Exmoor Community Challenges Leisure Company to Keep Gym Open
|Author: Clara Lawrie||Published: 12th April 2012 09:17|
1610 (formerly Somerset Leisure) announced last month that it will be closing the Exmoor Gym in Dulverton from the end of April, leaving many without a vital local health and fitness resource.
Dulverton's Exmoor Gym boasts over 80 members. No mean feat in the middle of Exmoor. But still not enough for the owners, 1610 - a Somerset based Leisure Company which states on its website: "1610 is a non-profit making leisure trust dedicated to delivering excellence in everything we do - from leisure and learning to health and wellbeing."
The small town of Dulverton is hoping to save the day, calling on the large company to hand over the reins to a committed and professional group of locals. Unfortunately 1610 seem intent on blocking all the town's best efforts to save the vital facility.
Concerned gym members attended a meeting together with local vicar, John Thorogood (far right), Keith Ross, OBE, and Town Councillors Bernie Howe, and Christine Dubery
Following a meeting of gym-users and concerned locals (including members of Dulverton Town Council and the church) a group was formed - Save Exmoor Gym, to look into the viability of running the gym independently. ‘The gym is perfectly viable and could easily be run by the community,' says chartered accountant Sarah Blackburn. ‘1610 could walk away with no further cost to their company.'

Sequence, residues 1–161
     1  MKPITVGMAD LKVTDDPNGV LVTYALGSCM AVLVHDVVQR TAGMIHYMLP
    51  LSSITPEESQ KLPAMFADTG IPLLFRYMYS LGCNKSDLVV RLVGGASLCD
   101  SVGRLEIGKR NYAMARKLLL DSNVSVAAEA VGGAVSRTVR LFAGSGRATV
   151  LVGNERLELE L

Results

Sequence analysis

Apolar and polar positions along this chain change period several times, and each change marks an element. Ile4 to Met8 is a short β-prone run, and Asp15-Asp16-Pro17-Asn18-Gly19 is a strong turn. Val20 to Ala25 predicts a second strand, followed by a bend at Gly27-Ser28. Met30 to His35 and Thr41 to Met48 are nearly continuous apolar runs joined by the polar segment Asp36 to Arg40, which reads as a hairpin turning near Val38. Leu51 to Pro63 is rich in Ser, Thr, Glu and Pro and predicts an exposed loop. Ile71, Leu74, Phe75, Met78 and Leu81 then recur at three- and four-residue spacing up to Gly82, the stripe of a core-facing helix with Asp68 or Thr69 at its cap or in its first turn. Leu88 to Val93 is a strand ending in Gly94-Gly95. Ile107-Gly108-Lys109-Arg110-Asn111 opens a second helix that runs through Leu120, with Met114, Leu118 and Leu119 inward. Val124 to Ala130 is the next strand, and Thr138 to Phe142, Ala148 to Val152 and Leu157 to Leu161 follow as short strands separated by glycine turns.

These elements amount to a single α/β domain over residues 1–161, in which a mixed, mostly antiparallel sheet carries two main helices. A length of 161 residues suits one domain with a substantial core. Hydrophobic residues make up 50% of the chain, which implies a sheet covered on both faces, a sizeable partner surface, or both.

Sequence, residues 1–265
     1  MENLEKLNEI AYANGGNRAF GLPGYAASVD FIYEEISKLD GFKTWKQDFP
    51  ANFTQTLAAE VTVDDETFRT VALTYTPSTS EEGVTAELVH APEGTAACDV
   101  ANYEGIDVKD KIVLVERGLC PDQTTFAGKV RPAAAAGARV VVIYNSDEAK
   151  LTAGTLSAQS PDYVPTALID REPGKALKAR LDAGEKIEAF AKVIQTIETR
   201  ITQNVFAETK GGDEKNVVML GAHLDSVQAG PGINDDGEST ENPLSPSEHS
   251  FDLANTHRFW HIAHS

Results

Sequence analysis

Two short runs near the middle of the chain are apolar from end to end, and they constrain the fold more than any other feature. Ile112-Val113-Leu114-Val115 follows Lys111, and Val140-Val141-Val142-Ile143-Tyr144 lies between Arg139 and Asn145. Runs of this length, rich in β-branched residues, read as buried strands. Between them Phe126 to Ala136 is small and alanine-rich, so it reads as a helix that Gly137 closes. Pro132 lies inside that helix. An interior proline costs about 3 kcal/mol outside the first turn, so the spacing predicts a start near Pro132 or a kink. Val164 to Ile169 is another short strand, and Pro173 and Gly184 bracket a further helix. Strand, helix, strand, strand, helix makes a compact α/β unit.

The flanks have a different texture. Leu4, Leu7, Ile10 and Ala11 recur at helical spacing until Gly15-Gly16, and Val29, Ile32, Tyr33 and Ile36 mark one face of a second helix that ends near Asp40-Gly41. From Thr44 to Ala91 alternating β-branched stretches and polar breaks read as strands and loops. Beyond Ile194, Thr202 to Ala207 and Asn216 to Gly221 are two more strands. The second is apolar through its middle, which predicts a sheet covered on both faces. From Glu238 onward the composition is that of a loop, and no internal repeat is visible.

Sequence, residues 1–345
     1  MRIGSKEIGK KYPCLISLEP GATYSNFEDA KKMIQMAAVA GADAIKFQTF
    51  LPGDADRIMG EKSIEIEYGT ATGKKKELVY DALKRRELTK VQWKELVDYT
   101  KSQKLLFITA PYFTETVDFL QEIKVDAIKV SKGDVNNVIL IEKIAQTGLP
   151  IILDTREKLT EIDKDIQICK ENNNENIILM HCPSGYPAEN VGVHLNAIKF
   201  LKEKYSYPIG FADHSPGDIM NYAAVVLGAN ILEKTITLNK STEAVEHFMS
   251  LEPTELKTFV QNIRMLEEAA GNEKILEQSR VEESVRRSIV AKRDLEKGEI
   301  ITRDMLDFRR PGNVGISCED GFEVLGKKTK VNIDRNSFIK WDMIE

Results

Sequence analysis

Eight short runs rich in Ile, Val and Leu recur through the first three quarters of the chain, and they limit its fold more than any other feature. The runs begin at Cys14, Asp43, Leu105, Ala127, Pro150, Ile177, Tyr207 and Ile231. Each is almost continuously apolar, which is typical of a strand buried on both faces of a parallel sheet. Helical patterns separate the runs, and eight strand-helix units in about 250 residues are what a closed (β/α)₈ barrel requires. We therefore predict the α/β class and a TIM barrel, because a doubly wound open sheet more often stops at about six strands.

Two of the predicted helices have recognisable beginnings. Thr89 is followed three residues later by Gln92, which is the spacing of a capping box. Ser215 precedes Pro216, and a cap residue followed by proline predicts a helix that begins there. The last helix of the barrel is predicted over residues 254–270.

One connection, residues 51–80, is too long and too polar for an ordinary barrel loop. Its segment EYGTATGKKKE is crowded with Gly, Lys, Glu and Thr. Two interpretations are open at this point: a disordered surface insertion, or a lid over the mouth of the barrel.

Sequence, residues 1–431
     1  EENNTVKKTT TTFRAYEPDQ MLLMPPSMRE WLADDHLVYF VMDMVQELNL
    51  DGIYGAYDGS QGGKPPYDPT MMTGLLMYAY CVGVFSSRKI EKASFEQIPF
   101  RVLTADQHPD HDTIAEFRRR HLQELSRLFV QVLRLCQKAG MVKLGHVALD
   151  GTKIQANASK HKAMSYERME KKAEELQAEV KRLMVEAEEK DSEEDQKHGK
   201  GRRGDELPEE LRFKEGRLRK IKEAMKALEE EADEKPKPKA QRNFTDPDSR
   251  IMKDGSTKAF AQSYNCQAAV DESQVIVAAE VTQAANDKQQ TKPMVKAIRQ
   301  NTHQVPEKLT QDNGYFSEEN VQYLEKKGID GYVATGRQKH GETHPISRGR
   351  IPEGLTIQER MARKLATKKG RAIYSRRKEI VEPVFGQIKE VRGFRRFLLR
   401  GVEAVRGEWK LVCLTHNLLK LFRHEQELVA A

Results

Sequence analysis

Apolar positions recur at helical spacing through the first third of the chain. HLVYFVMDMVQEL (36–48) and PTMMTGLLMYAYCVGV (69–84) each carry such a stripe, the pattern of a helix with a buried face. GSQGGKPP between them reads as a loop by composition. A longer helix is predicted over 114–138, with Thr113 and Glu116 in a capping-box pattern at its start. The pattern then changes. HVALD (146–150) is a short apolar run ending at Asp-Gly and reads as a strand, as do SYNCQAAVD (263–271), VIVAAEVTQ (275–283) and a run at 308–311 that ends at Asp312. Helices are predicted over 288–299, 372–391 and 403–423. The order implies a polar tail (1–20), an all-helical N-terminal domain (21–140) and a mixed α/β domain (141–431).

The Save Exmoor Gym group is made up of professionals in governance, legal, financial, marketing, fundraising, IT, management, fitness, child and vulnerable people protection, and health and safety, so has the expertise needed to run a company, a charity and a gym. They propose that they could run the gym as a company limited by guarantee and registered as a charity, and would be accountable to local people via the Town Council (with a Town Councillor on the board)
1610 Home page Welcome
Author, journalist, TV and Radio personality and prolific blogger, Dulverton resident Jane Alexander said: "1610 claims the closure is due to financial reasons, saying it ‘is not economically viable to keep the gym open' and blaming low membership numbers. However 1610 have consistently refused to market the facility or explore other membership possibilities (corporate, family etc) and in general seem curiously resistant to making the gym a financial success.
"1610 is supposedly a ‘not-for-profit organisation' but seem far more interested in pursuing large out of county facilities (they have recently won the contract to run a large fitness facility in Dorset) than supporting grassroots health and fitness on their home patch."
1610, who also own West Somerset gym in Minehead, are digging in their heels. They have refused to meet with either representatives of the Exmoor Gym group or the local Town Council. Yesterday Cllr Keith Ross told AboutMyArea: "I have not received a reply to my e-mail to Tim Nightingale, chief exec. of 1610 nor did I receive a reply from my phone call early this morning - he was in a meeting when I called. So, no meeting. It seems that they have made their decision and are not negotiating with the users."